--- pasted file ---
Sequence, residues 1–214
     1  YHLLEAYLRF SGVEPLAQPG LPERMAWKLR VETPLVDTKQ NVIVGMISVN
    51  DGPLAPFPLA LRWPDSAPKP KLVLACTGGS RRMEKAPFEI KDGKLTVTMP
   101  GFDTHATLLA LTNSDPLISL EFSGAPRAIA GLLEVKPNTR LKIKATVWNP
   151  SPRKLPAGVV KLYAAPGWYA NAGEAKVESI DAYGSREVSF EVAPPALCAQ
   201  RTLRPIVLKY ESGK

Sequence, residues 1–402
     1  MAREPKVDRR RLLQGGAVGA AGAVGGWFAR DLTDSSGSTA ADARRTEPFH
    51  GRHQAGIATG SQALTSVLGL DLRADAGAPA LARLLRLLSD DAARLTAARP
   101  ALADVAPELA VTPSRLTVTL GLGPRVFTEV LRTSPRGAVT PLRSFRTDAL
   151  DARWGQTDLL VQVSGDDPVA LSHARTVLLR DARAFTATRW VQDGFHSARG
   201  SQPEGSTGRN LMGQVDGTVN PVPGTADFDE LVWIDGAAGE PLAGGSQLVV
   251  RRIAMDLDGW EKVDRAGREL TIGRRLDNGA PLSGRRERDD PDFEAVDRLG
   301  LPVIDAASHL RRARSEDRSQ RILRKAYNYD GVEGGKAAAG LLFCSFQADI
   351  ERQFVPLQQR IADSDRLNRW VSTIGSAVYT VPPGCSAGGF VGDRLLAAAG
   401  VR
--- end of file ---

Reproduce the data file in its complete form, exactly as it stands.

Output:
Sequence, residues 1–214
     1  YHLLEAYLRF SGVEPLAQPG LPERMAWKLR VETPLVDTKQ NVIVGMISVN
    51  DGPLAPFPLA LRWPDSAPKP KLVLACTGGS RRMEKAPFEI KDGKLTVTMP
   101  GFDTHATLLA LTNSDPLISL EFSGAPRAIA GLLEVKPNTR LKIKATVWNP
   151  SPRKLPAGVV KLYAAPGWYA NAGEAKVESI DAYGSREVSF EVAPPALCAQ
   201  RTLRPIVLKY ESGK

Sequence, residues 1–402
     1  MAREPKVDRR RLLQGGAVGA AGAVGGWFAR DLTDSSGSTA ADARRTEPFH
    51  GRHQAGIATG SQALTSVLGL DLRADAGAPA LARLLRLLSD DAARLTAARP
   101  ALADVAPELA VTPSRLTVTL GLGPRVFTEV LRTSPRGAVT PLRSFRTDAL
   151  DARWGQTDLL VQVSGDDPVA LSHARTVLLR DARAFTATRW VQDGFHSARG
   201  SQPEGSTGRN LMGQVDGTVN PVPGTADFDE LVWIDGAAGE PLAGGSQLVV
   251  RRIAMDLDGW EKVDRAGREL TIGRRLDNGA PLSGRRERDD PDFEAVDRLG
   301  LPVIDAASHL RRARSEDRSQ RILRKAYNYD GVEGGKAAAG LLFCSFQADI
   351  ERQFVPLQQR IADSDRLNRW VSTIGSAVYT VPPGCSAGGF VGDRLLAAAG
   401  VR